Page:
Torches of freedom

Torches of Freedom

We are all searching for a big idea that will define our brand and change the way the consumer thinks. Or at least we should be.

Nobody understood this more than Sigmund Freud’s nephew Edward Bernays – the ‘father of PR’. His famous work for the American Tobacco Company changed the way millions of people thought and acted.

Back in the 1920s brands would appeal to a person’s rational side. Buy this car, it’s reliable, cheap, well made etc. etc. Edward Bernays knew that people had an irrational side, a side you can exploit by associating a product with a specific feeling. Want to feel like an alpha male? Buy this car. Want to be attractive to women? Buy this car.

The best and worst example of this can be found in Bernays’ work for Lucky Strike – dependent on whether you’re selling or smoking cigarettes.

Cigarettes were big business back then. There was a problem though; cigarettes were considered unladylike.

So, women didn’t smoke and cigarettes were advertised to men. Even with my rudimentary maths skills I can tell you that’s half the market gone. So Edward Bernays went to work with a simple brief… ‘Make women want to smoke’.

Bernays went about banishing the stigma attached to female smokers.

The Easter Parade in New York City would be his stage. He paid a group of women to smoke. He then told the gathering press to expect a suffragette protest in which they would hold up ’torches of freedom’.

The leading ‘protester’, Bertha Hunt, was in reality no suffragette but Bernays’ secretary. This was no feminist movement, but an incredibly effective yet simple marketing stunt.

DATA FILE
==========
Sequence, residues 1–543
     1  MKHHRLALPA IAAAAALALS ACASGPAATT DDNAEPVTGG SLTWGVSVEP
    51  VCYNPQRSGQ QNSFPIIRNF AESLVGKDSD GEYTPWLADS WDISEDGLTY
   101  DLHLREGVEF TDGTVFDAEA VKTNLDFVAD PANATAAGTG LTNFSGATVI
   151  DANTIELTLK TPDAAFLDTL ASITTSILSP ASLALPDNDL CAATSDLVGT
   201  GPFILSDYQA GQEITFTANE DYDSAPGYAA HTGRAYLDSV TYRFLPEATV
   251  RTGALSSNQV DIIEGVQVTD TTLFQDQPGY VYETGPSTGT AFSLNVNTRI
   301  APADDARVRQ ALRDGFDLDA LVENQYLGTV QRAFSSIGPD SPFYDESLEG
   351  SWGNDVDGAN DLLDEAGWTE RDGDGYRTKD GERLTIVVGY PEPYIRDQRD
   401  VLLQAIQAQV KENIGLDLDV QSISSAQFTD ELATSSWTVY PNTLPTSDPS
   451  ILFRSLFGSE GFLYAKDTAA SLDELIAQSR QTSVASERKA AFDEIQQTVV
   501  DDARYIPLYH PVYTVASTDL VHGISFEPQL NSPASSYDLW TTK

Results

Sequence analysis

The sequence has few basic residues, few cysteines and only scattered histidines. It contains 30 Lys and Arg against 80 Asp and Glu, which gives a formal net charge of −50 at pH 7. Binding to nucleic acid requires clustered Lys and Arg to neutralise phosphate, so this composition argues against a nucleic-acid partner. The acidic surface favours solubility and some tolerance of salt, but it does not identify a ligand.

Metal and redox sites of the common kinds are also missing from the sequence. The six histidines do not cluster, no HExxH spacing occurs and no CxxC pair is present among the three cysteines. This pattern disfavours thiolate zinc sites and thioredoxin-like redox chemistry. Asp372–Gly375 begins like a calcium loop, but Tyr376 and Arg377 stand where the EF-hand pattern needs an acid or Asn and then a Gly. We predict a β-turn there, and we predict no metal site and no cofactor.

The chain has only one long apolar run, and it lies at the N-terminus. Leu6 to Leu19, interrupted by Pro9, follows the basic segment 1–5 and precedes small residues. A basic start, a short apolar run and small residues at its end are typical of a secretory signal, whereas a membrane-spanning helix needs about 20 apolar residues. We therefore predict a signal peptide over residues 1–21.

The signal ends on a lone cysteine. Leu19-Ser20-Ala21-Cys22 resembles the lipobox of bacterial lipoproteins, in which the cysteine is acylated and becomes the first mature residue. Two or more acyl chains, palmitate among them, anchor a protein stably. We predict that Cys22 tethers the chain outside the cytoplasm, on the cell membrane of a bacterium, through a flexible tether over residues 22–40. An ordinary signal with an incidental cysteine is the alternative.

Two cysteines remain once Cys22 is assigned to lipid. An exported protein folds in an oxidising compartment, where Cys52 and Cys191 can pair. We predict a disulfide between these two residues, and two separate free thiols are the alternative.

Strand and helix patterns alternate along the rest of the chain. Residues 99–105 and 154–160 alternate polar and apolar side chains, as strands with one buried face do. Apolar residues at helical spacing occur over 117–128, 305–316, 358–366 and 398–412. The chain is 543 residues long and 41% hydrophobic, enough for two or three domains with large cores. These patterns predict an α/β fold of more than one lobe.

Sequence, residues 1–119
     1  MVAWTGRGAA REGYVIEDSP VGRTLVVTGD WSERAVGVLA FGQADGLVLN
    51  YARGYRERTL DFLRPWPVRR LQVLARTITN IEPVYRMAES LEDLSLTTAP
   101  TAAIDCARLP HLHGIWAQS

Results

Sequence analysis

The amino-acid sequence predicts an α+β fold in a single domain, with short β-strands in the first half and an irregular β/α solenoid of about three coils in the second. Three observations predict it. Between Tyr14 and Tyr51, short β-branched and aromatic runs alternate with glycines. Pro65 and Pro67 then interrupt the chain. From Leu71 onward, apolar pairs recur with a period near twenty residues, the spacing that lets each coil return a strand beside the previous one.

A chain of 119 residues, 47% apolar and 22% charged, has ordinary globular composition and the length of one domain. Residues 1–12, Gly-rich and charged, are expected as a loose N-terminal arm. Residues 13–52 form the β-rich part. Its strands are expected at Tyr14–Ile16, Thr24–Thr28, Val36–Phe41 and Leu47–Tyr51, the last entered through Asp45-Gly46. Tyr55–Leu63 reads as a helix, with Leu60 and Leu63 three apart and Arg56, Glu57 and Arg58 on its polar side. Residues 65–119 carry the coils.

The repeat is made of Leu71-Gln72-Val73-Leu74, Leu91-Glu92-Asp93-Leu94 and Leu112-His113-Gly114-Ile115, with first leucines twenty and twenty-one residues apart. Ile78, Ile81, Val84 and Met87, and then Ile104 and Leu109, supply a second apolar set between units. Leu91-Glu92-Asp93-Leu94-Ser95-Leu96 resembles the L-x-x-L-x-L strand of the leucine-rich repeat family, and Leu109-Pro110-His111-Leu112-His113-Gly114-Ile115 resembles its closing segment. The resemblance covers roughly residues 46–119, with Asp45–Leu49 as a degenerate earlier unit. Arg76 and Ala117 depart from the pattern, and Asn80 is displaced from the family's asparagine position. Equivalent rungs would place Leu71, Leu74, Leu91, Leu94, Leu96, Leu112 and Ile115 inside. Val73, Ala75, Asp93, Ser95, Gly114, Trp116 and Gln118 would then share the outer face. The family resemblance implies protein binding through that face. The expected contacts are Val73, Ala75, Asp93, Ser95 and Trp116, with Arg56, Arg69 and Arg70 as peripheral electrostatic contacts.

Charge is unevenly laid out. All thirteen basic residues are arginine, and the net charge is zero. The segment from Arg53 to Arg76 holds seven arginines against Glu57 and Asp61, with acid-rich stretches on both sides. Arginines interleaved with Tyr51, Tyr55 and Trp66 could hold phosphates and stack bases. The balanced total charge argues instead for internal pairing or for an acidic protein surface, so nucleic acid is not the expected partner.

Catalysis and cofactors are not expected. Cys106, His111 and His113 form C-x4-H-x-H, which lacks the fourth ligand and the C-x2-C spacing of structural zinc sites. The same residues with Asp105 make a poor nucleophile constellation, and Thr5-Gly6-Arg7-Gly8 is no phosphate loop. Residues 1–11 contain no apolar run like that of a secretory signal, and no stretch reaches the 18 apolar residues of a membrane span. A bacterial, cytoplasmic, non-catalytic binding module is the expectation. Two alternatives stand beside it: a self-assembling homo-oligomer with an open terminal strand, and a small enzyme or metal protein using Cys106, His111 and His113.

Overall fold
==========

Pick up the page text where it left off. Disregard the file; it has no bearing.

The controversy garnered nationwide attention. The image of these glamourous women holding up a fag was seen as a contemporary version of ‘Lady liberty’.

This placed cigarettes as a symbol in women’s minds of their desire for gender equality. All bollocks of course, cigarettes had nothing to do with making women equal.

He also stated his belief that women subconsciously wanted their own penises and that cigarettes were a way that they could have them. I told you he was Freud’s nephew…

In truth, it was an immoral mass-manipulation of millions of people.

And it was genius. They then bombarded consumers with advertisements that all subscribed to this big idea. Lucky Strike sales doubled in 1929 and continued to rise in the years following.

Here are a few examples I found to show how prevalent this idea was.




Today women are as free as men to pollute their lungs with dangerous toxins, and we have one man to thank. Edward Bernays.

We can only hope that we are living in more enlightened, conscientious times, yet we should still take inspiration from Lucky Strike and Bernays.

Every brand should strive for a big idea. We can change the way people think, for the better.

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